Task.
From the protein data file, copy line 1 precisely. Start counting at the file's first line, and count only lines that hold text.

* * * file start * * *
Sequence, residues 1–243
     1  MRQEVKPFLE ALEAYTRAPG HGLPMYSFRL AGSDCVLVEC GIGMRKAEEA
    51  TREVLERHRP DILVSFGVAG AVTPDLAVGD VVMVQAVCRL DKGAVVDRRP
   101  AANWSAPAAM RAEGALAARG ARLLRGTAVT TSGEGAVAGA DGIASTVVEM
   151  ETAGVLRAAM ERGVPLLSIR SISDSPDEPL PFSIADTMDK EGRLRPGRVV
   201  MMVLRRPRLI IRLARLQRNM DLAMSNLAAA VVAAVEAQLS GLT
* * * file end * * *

Sequence, residues 1–243